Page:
FDA Elevates Warning for Psychomotor Impairment With Ambien

Share this content:
FDA Elevates Warning for Psychomotor Impairment With Ambien
FDA Elevates Warning for Psychomotor Impairment With Ambien

The US FDA has updated the labeling for Ambien (zolpidem tartrate tablets) and Ambien CR (zolpidem tartrate extended-release tablets) to strengthen the warning regarding next-day psychomotor impairment.

Next-day psychomotor impairment, including impaired driving, is more likely to occur if the drug is taken with less than a full night sleep remaining (7–8 hours), if a higher than recommended dose is taken, if the drug is taken with other CNS depressants or alcohol, or of it is taken with drugs that may alter the blood levels of zolpidem.

Specifically, the updated labeling states that vehicle drivers and machine operators should be warned that there may be a possible risk of adverse reactions -- including drowsiness, prolonged reaction time, dizziness, sleepiness, blurred/double vision, reduced alertness, impaired driving\ -- the morning after taking the medication. In order to reduce the likelihood of next-day psychomotor impairment, a full night of sleep (7–8 hours) is recommended. Also, the Dosage and Administration section states that zolpidem should be taken as a single dose and should not be readministered during the same night.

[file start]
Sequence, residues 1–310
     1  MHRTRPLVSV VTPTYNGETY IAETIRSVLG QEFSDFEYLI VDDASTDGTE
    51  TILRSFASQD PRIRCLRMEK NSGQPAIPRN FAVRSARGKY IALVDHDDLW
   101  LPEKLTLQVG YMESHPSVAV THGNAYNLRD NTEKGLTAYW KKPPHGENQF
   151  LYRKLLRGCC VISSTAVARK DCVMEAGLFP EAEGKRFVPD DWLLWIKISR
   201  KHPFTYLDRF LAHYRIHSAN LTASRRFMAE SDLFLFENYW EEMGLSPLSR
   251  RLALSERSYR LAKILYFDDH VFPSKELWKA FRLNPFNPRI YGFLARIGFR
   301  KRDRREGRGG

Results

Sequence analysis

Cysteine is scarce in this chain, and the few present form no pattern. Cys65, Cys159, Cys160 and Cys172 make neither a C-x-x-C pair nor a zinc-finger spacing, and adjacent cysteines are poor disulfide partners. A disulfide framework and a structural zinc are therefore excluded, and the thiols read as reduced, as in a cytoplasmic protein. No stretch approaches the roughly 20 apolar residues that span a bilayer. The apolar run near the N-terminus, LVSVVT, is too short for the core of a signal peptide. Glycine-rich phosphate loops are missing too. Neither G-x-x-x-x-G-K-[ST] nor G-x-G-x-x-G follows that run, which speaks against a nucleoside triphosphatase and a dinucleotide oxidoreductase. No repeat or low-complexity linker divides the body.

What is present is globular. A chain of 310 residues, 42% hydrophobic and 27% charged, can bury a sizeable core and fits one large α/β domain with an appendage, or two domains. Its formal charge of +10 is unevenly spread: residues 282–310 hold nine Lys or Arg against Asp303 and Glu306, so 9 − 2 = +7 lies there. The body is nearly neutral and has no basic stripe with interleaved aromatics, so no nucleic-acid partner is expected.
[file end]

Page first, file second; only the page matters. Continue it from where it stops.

Zolpidem, the active moiety of zolpidem tartrate, is a hypnotic agent with a chemical structure unrelated to benzodiazepines, barbiturates, or other drugs with known hypnotic properties. It interacts with a GABA-BZ receptor complex and shares some of the pharmacological properties of the benzodiazepines. In contrast to the benzodiazepines, which non-selectively bind to and activate all BZ receptor subtypes, zolpidem in vitro binds the BZ1 receptor preferentially with a high affinity ratio of the α1/α5 subunits.

For more information on the updated prescribing information, go here

You must be a registered member of Neurology Advisor to post a comment.

Sign Up for Free e-newsletters

CME Focus